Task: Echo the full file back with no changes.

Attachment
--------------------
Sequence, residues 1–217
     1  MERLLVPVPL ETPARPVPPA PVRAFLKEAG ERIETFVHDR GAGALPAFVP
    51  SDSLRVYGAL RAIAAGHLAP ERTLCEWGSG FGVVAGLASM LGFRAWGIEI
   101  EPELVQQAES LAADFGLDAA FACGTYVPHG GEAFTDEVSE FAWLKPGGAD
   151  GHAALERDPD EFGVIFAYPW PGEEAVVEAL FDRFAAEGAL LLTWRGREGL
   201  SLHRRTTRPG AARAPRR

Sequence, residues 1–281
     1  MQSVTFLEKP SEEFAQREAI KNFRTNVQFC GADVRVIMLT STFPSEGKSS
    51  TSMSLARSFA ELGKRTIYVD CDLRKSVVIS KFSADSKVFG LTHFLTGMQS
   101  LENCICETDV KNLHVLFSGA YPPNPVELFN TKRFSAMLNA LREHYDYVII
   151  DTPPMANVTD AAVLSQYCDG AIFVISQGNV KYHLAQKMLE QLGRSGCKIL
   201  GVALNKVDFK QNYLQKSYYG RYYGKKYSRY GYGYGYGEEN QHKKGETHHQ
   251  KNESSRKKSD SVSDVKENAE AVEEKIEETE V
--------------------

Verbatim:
Sequence, residues 1–217
     1  MERLLVPVPL ETPARPVPPA PVRAFLKEAG ERIETFVHDR GAGALPAFVP
    51  SDSLRVYGAL RAIAAGHLAP ERTLCEWGSG FGVVAGLASM LGFRAWGIEI
   101  EPELVQQAES LAADFGLDAA FACGTYVPHG GEAFTDEVSE FAWLKPGGAD
   151  GHAALERDPD EFGVIFAYPW PGEEAVVEAL FDRFAAEGAL LLTWRGREGL
   201  SLHRRTTRPG AARAPRR

Sequence, residues 1–281
     1  MQSVTFLEKP SEEFAQREAI KNFRTNVQFC GADVRVIMLT STFPSEGKSS
    51  TSMSLARSFA ELGKRTIYVD CDLRKSVVIS KFSADSKVFG LTHFLTGMQS
   101  LENCICETDV KNLHVLFSGA YPPNPVELFN TKRFSAMLNA LREHYDYVII
   151  DTPPMANVTD AAVLSQYCDG AIFVISQGNV KYHLAQKMLE QLGRSGCKIL
   201  GVALNKVDFK QNYLQKSYYG RYYGKKYSRY GYGYGYGEEN QHKKGETHHQ
   251  KNESSRKKSD SVSDVKENAE AVEEKIEETE V